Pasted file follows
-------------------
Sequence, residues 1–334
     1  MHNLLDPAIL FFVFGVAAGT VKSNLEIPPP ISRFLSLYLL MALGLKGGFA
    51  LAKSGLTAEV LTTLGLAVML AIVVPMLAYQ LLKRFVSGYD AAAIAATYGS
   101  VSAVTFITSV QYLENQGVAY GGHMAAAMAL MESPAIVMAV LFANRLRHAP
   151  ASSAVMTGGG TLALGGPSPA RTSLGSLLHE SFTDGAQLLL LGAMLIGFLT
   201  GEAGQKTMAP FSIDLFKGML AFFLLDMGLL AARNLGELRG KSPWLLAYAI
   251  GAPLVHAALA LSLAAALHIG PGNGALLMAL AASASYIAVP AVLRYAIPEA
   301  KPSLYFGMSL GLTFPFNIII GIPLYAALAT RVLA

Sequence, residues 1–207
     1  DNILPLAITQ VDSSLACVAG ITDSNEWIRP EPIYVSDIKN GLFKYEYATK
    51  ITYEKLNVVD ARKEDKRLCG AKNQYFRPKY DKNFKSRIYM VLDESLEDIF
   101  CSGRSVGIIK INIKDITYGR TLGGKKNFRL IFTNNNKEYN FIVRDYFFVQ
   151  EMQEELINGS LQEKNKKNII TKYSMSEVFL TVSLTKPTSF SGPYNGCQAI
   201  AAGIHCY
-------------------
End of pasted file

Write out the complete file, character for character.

Sequence, residues 1–334
     1  MHNLLDPAIL FFVFGVAAGT VKSNLEIPPP ISRFLSLYLL MALGLKGGFA
    51  LAKSGLTAEV LTTLGLAVML AIVVPMLAYQ LLKRFVSGYD AAAIAATYGS
   101  VSAVTFITSV QYLENQGVAY GGHMAAAMAL MESPAIVMAV LFANRLRHAP
   151  ASSAVMTGGG TLALGGPSPA RTSLGSLLHE SFTDGAQLLL LGAMLIGFLT
   201  GEAGQKTMAP FSIDLFKGML AFFLLDMGLL AARNLGELRG KSPWLLAYAI
   251  GAPLVHAALA LSLAAALHIG PGNGALLMAL AASASYIAVP AVLRYAIPEA
   301  KPSLYFGMSL GLTFPFNIII GIPLYAALAT RVLA

Sequence, residues 1–207
     1  DNILPLAITQ VDSSLACVAG ITDSNEWIRP EPIYVSDIKN GLFKYEYATK
    51  ITYEKLNVVD ARKEDKRLCG AKNQYFRPKY DKNFKSRIYM VLDESLEDIF
   101  CSGRSVGIIK INIKDITYGR TLGGKKNFRL IFTNNNKEYN FIVRDYFFVQ
   151  EMQEELINGS LQEKNKKNII TKYSMSEVFL TVSLTKPTSF SGPYNGCQAI
   201  AAGIHCY